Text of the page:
A tech columnist has revealed how a store clerk recently gave him a dirty look when he refused to leave a 30 percent tip at checkout.
In a recent column, the writer prescribed consumer technology The New York Times Brian X. Chen recalled paying for his items on an iPad checkout when the interface gave him options to tip between 10 and 30 percent.
It comes after DailyMail.com readers revealed the most absurd places they’ve had to tip, saying they’re fighting back against tradition.
Chen selected “no tip” and said the cashier “grew me an angry look,” which made for an “obnoxious.” He said he was “surprised” when asked for a tip in line at a supermarket checkout.
The writer, who also wrote the book The Tech Fix, also said he was “pressured” to tip his motorcycle mechanic on a cash register screen. Chen said that while he felt the tip was also unfair, he paid it reluctantly because “my safety depended on his services.
Tech columnist Brian X. Chen recalled how a store clerk recently gave him a dirty look when he refused to leave a 30 percent tip at checkout
In the column, Chen examined the practice of tipping on tablet registers and suggested that it could soon become part of a Federal Trade Commission investigation into unfair business practices affecting customers.
His woes come as thousands of Americans have complained about the digital tip machines that have sprung up in eateries across the country. They encourage customers to tip even if an employee has performed a very simple task, such as ringing the doorbell for takeout food taken from a fridge.
Chen wrote about how payment platforms commonly used in stores all over the market are deliberately manipulating people into tipping.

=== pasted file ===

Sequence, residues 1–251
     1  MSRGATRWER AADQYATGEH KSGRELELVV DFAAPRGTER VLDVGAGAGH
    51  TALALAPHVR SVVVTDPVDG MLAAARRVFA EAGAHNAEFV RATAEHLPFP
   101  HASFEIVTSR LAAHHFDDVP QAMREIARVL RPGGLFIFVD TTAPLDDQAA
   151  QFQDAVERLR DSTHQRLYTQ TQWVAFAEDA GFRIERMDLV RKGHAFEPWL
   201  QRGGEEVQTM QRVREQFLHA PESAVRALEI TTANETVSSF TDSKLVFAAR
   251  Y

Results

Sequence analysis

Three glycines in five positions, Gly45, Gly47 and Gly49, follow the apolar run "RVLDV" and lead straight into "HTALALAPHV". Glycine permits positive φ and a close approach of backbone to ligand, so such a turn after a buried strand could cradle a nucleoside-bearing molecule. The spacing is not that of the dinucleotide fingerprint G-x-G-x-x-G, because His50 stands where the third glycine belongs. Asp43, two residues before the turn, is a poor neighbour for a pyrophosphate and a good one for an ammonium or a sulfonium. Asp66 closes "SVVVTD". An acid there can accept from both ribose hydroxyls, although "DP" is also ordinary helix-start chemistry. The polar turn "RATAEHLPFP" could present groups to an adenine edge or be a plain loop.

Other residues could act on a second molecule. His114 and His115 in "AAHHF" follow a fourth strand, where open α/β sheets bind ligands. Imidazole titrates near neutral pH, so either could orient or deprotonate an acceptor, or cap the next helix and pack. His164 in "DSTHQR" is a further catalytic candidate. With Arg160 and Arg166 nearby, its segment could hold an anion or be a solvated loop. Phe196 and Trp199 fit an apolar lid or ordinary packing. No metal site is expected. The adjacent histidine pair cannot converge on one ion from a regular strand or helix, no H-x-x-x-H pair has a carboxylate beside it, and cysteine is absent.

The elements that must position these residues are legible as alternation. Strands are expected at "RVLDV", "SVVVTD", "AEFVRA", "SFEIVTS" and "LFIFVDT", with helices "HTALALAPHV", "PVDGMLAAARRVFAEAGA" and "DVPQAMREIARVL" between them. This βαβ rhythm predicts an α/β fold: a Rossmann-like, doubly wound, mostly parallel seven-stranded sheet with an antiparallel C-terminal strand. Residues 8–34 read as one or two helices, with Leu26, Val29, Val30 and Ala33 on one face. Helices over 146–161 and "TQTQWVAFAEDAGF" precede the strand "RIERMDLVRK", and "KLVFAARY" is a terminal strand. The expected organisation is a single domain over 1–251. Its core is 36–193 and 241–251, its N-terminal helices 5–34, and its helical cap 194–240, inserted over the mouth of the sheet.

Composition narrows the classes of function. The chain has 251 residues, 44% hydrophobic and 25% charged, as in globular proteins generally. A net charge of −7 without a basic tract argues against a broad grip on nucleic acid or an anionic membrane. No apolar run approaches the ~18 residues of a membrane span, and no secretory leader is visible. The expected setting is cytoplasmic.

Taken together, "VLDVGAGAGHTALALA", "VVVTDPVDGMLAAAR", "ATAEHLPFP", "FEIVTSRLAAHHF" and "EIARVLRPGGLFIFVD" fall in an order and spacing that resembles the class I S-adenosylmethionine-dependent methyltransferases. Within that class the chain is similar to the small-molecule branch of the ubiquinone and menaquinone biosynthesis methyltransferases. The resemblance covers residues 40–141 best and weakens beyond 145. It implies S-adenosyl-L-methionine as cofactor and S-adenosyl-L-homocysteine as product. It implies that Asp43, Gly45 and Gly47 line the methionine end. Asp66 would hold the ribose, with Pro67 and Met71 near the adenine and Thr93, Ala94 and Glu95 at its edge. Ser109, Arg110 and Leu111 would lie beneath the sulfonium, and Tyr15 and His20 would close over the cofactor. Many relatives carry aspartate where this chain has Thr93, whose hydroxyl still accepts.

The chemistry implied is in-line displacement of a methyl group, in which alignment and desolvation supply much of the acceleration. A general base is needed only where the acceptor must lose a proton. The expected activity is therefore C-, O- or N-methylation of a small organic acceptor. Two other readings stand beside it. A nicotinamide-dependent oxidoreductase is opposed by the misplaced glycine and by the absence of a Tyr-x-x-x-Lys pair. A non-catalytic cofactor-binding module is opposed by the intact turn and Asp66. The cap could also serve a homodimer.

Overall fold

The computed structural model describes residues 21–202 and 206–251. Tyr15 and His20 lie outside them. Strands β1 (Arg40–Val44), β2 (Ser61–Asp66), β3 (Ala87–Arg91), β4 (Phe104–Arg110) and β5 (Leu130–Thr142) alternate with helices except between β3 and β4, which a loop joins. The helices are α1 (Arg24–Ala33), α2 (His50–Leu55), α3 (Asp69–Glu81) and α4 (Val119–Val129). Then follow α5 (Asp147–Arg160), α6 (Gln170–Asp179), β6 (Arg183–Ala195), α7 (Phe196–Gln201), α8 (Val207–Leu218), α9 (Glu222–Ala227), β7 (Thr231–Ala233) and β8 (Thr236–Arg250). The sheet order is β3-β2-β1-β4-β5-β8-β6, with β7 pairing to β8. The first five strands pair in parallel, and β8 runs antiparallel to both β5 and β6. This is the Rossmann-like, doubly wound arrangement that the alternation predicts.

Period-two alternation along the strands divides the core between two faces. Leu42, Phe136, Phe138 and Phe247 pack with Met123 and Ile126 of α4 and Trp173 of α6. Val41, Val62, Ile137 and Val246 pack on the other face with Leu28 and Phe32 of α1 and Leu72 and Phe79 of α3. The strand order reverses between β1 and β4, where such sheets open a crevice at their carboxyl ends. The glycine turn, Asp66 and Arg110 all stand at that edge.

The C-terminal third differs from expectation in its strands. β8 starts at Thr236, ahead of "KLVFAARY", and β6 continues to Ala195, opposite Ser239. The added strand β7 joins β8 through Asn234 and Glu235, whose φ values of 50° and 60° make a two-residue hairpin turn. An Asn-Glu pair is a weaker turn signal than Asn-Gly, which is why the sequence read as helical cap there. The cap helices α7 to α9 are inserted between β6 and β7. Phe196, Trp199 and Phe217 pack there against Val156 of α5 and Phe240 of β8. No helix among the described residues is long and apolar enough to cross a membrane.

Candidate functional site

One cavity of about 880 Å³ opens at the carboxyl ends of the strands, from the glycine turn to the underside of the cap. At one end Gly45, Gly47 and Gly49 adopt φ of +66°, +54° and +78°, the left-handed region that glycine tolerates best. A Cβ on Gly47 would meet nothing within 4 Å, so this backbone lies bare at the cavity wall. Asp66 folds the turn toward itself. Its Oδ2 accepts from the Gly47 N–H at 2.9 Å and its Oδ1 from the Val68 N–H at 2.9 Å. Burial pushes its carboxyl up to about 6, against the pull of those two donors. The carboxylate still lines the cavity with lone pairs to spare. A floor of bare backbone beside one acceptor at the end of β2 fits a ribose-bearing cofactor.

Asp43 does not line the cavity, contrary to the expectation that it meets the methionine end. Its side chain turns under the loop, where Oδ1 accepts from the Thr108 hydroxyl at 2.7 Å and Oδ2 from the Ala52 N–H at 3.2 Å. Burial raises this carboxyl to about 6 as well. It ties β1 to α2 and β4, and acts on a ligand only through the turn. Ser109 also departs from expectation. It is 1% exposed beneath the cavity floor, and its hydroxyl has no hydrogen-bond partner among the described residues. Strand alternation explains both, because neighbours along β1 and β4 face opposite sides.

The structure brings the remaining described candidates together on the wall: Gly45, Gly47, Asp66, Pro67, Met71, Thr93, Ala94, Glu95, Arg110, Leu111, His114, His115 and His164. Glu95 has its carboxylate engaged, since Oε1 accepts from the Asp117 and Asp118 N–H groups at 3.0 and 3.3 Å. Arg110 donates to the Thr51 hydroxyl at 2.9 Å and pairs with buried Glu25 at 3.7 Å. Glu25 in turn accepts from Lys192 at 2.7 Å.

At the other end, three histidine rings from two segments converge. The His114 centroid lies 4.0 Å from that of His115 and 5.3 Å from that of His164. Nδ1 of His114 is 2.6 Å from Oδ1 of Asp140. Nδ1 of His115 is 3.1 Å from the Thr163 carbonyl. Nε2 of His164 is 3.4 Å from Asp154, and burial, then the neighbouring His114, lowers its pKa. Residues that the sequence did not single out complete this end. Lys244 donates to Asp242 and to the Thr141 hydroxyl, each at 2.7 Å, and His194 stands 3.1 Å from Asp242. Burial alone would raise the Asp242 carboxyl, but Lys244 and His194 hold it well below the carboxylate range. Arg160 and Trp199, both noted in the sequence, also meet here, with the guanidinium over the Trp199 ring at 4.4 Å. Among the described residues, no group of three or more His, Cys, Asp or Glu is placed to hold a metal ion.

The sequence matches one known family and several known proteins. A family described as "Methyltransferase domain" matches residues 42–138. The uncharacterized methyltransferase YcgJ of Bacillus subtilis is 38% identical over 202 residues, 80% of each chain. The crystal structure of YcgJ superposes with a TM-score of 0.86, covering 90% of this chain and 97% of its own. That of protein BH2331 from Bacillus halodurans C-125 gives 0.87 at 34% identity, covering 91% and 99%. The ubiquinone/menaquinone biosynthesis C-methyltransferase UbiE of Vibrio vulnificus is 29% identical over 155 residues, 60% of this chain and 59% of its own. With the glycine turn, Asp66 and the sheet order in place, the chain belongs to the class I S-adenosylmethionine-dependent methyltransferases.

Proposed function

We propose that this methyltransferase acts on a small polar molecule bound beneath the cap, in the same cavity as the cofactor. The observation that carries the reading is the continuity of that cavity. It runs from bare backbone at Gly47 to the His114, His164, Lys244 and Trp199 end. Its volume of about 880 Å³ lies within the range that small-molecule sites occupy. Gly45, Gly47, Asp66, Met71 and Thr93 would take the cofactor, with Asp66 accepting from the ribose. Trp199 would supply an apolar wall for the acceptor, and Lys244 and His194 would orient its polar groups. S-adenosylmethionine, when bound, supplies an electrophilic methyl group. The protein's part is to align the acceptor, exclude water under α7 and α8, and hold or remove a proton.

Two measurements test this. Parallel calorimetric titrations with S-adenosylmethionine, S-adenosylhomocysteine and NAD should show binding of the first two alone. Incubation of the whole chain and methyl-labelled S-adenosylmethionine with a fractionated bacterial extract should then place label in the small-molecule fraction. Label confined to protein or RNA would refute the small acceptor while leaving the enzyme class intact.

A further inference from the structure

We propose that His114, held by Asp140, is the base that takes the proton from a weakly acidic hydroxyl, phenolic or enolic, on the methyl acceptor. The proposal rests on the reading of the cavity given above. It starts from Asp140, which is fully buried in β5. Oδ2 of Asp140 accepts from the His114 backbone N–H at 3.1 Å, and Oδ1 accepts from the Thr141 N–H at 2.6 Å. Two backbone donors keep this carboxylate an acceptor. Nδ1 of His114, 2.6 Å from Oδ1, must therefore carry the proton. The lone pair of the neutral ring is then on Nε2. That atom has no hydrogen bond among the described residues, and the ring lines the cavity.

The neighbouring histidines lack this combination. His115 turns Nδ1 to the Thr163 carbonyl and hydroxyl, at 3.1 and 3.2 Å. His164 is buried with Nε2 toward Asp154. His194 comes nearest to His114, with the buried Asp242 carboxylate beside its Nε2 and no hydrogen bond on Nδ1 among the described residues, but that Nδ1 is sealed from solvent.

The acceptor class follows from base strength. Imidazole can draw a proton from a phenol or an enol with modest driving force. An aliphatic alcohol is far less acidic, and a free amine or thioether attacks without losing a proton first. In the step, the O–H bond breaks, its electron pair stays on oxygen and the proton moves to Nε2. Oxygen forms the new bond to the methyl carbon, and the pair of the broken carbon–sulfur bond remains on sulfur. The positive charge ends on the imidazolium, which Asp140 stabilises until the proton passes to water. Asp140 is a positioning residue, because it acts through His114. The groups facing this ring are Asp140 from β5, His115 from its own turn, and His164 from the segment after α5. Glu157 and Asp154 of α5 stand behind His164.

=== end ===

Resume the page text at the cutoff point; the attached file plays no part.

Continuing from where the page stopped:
“Payment technologies allow merchants to display a range of standard tip amounts,” he wrote, “for example, buttons for 15 percent, 20 percent, and 30 percent, along with a “no tip” or “adjusted tip” button.”
“That setup makes it easiest for us to choose a generous tip, rather than a smaller one or no tip at all.”
Ted Selker, a product designer who worked for companies like Xerox and IBM, told Chen that the payment app designs were very deliberate. “It’s coercion,” he said.
Chen cited another example reminded to him by a director of the Massachusetts Institute of Technology, Tony Hu.
‘Mr. MIT’s Hu said he recently received $1, $3 and $5 tips after a $10 Uber ride,” Chen wrote. “He chose the middle button, $3, before realizing he would normally tip the driver 20 percent, or $2.”
Hu told Chen, “It’s psychological mind games.”
Despite the long tradition of tipping in the US, the recent rise of service iPads has sparked anger among those who feel the custom has gotten out of hand
Some Americans have begun to put their foot down.
Despite tipping having a long history in the country, rampant inflation and the expectation to tip for just a cup of coffee being poured has people wondering if it’s time to change unspoken tipping codes.
Last month, DailyMail.com took to the streets to find out what people really think about the practice, and readers say they’ve had enough, going so far as to completely avoid places that chase their customers for tips.
Readers said one of the most offensive aspects of modern tipping is the expectation that customers will now have to pay extra “no matter what the service is.”
One commenter wrote, “Not sure why I should tip a bartender who takes a bottle of beer and pops the cap off, 5 seconds.”